Title

In-Hospital Outcomes of Chronic Total Occlusion Percutaneous Coronary Interventions in Patients With Prior Coronary Artery Bypass Graft Surgery.

Document Type

Article

Publication Date

3-1-2019

Publication Title

Circ Cardiovasc Interv

Abstract

BACKGROUND: We examined the procedural outcomes of chronic total occlusions (CTO) percutaneous coronary interventions in patients with prior coronary artery bypass graft surgery (CABG). METHODS AND RESULTS: We compared the clinical, angiographic characteristics and outcomes of 3486 CTO interventions performed in patients with (n=1101) and without (n=2317) prior CABG at 21 centers. Prior CABG patients (32% of total cohort) were older (67+/-9 versus 63+/-10 years; P<0.001) and had more comorbidities and lower left ventricular ejection fraction (50% [40-58] versus 55% [45-60]; P<0.001). The CTO target vessel in prior CABG patients was the right coronary artery (56%), circumflex (26%), and left anterior descending artery (17%). The mean J-CTO (2.9+/-1.2 versus 2.2+/-1.3; P<0.001) and PROGRESS-CTO (Prospective Global Registry for the Study of Chronic Total Occlusion Intervention; 1.5+/-1.1 versus 1.2+/-1.0; P<0.001) score was higher in prior CABG patients. Retrograde (53% versus 30%, P<0.001) and antegrade dissection reentry (35% versus 28%; P<0.001) techniques were used more frequently in prior CABG patients. Prior CABG patients had lower technical (84% versus 89%; P<0.001) and procedural (82% versus 87%, P<0.001) success, but similar incidence of in-hospital major complications (3.1% versus 2.5%; P=0.287). In-hospital mortality (1% versus 0.4%; P=0.016) and coronary perforation (7.1% versus 3.1%; P<0.001) occurred more frequently in prior CABG patients, however, CABG patients had a lower incidence of pericardial tamponade (0.1% versus 1.0%; P=0.002) and pericardiocentesis (0% versus 1.3%; P<0.001). CONCLUSIONS: In a large multicenter CTO percutaneous coronary interventions registry, prior CABG patients had lower success rate but similar overall risk for complications, although mortality was higher and the incidence of tamponade was lower. CLINICAL TRIAL REGISTRATION: URL: https://www.clinicaltrials.gov . Unique identifier: NCT02061436.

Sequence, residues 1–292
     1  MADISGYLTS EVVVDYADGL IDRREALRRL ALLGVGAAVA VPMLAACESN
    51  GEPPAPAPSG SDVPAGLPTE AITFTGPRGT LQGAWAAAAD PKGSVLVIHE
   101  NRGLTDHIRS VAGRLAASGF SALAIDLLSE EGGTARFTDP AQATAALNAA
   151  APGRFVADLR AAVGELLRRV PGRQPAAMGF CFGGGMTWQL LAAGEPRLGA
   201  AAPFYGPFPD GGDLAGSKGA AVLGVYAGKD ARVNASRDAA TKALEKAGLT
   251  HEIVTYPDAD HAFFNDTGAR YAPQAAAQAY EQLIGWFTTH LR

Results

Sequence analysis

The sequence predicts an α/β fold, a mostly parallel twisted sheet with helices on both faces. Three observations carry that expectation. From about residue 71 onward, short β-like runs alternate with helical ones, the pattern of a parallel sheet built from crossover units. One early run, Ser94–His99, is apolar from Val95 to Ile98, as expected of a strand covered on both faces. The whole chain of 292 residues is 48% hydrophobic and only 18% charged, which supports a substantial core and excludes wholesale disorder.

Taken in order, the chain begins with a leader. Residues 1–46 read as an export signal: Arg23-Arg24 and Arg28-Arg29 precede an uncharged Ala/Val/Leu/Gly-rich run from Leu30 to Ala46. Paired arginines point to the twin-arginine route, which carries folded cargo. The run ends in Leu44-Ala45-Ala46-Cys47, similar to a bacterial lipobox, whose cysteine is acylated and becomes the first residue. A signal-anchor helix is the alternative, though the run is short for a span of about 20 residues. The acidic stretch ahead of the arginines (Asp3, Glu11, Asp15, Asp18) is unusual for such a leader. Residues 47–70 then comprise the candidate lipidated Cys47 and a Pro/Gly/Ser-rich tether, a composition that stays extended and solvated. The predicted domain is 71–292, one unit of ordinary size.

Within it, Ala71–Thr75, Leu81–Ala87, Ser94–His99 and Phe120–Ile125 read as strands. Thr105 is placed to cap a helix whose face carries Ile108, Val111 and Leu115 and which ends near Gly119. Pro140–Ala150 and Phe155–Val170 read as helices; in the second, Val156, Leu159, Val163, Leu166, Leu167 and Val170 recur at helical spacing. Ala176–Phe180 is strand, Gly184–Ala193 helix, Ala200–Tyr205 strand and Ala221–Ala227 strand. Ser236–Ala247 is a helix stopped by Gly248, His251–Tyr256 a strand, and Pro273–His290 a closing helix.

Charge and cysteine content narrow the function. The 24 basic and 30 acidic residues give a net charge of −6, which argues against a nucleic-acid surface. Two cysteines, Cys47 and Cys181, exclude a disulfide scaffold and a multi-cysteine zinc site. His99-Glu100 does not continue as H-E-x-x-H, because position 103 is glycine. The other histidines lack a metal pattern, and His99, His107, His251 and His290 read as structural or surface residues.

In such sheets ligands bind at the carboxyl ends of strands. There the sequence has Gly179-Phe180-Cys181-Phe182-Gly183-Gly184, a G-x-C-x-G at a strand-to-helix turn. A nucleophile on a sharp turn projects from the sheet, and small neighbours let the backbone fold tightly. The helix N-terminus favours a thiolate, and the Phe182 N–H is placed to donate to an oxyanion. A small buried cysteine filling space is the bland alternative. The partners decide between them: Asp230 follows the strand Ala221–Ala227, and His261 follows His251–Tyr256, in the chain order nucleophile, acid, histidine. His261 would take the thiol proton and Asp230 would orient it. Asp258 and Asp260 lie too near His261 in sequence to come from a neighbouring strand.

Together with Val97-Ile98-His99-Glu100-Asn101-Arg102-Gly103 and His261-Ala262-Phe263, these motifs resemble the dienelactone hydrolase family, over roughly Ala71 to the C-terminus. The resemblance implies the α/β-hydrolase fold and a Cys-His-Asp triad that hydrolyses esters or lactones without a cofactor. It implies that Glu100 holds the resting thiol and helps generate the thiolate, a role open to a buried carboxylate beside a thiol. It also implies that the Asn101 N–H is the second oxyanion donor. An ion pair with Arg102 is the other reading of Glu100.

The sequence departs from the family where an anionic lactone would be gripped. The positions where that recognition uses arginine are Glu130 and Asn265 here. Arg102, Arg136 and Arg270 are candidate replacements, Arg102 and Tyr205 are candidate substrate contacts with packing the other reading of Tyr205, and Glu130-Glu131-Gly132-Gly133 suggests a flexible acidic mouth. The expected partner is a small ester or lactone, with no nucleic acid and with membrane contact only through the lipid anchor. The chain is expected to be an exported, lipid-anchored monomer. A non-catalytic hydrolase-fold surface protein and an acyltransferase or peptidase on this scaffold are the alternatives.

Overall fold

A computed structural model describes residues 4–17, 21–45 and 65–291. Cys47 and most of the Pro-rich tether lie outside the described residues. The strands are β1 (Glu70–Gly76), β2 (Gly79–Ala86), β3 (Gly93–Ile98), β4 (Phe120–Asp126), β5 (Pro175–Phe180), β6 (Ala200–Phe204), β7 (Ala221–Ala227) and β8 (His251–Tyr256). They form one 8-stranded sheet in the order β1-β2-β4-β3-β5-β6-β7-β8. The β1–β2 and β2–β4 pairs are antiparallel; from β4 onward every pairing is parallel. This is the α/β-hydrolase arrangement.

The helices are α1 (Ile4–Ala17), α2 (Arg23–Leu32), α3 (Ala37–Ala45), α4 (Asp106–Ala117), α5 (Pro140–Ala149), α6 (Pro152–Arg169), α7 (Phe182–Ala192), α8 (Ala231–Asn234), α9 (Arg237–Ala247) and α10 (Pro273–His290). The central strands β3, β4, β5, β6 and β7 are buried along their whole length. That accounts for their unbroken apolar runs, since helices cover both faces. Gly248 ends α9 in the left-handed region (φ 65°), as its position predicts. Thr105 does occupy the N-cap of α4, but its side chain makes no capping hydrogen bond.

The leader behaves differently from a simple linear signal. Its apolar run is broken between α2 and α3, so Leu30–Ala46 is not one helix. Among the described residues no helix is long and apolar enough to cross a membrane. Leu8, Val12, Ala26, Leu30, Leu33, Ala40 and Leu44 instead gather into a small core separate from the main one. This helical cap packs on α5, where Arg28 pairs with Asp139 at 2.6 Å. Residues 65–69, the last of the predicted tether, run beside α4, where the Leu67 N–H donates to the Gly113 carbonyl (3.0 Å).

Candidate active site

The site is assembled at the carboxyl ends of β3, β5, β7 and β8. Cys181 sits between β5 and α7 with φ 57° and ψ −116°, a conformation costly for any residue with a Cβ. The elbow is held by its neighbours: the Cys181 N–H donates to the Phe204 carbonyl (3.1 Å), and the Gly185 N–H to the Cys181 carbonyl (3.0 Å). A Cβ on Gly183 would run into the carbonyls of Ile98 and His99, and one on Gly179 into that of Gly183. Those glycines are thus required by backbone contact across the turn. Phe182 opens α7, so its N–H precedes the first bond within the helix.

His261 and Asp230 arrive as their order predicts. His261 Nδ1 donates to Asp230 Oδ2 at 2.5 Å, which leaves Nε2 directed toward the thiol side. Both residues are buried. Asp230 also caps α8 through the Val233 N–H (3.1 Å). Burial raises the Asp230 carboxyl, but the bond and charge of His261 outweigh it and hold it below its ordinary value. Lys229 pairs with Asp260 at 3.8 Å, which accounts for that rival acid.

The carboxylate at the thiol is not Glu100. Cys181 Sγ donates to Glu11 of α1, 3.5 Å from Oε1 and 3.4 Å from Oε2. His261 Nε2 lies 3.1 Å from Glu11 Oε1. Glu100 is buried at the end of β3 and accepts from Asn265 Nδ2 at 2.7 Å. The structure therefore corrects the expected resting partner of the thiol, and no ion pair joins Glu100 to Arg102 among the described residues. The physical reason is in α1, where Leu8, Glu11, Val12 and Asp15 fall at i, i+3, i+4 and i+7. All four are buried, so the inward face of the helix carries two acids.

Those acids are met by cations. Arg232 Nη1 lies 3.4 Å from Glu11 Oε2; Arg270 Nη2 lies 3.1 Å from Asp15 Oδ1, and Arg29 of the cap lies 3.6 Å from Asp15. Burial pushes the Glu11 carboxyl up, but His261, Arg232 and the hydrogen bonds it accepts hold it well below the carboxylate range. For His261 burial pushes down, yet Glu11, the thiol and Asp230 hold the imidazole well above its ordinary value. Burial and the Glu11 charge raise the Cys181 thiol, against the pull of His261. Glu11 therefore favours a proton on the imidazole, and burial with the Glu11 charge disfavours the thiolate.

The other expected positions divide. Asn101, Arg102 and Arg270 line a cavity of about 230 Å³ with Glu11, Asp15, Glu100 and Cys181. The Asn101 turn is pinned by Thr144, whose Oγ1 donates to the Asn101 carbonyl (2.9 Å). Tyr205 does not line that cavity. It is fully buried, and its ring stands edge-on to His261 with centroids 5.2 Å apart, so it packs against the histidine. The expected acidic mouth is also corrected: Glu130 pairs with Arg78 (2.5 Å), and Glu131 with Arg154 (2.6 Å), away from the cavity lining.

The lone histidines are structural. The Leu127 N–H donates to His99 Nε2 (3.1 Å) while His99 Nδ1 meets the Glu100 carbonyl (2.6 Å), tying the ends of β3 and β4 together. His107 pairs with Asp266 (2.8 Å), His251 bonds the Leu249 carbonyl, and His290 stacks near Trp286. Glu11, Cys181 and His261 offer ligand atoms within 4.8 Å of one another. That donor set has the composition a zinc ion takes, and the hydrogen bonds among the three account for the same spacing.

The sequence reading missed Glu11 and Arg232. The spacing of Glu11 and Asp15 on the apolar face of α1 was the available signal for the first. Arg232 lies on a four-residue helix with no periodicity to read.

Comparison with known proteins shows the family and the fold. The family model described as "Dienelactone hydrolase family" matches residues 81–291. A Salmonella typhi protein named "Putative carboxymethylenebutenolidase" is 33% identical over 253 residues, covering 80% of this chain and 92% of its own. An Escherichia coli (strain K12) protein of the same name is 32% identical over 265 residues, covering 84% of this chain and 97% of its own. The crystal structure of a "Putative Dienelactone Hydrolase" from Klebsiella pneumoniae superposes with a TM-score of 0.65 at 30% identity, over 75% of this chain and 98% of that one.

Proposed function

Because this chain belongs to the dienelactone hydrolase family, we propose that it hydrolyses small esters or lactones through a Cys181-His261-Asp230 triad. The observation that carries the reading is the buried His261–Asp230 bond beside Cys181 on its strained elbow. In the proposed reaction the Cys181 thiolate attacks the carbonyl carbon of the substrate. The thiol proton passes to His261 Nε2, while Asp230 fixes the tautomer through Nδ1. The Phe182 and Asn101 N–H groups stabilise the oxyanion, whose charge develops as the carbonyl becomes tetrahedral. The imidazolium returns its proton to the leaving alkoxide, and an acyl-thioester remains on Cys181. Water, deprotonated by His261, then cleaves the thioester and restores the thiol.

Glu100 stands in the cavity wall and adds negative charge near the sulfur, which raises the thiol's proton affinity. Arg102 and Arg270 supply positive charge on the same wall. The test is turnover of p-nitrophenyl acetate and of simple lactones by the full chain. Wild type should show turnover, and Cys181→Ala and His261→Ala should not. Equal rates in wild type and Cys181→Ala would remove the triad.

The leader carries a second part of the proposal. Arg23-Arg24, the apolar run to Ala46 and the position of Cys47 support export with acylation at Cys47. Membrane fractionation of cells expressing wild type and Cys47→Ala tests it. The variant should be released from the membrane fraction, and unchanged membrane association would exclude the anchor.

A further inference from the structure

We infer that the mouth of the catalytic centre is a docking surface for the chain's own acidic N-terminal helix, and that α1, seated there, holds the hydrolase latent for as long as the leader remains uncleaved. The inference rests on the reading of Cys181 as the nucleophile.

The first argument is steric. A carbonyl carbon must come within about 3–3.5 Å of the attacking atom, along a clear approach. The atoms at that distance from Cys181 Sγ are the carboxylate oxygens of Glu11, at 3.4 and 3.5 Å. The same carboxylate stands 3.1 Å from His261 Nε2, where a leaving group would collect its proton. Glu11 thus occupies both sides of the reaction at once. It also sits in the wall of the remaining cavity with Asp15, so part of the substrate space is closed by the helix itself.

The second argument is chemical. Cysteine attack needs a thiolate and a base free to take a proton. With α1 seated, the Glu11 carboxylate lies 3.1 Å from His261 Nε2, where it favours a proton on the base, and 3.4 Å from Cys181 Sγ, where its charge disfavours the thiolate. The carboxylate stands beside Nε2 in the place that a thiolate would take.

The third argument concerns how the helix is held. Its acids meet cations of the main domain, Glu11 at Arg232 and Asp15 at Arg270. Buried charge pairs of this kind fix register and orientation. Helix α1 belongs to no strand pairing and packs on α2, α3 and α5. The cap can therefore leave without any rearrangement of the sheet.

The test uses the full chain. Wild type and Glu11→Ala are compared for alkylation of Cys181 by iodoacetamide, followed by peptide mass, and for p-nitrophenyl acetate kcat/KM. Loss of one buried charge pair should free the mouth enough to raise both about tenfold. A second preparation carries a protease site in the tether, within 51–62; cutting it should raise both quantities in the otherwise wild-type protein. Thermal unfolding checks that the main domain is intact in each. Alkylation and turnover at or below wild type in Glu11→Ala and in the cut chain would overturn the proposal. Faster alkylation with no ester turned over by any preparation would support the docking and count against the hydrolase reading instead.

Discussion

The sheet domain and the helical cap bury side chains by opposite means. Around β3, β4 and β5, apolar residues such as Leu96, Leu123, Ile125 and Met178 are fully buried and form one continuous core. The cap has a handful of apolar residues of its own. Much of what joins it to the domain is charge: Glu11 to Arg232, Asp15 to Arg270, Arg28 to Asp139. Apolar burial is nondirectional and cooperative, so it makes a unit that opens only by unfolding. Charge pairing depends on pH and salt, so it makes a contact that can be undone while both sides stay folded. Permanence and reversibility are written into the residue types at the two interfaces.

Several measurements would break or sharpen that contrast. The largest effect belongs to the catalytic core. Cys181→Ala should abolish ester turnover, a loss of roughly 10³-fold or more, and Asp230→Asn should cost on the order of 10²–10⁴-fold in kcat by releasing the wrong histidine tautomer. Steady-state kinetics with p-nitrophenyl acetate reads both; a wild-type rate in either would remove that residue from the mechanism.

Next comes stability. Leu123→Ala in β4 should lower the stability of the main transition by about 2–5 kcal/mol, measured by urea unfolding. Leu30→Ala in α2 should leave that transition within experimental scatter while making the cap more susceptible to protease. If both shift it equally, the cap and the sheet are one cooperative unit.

PubMed ID

30871357

Volume

12

Issue

3

First Page

e007338

Share

COinS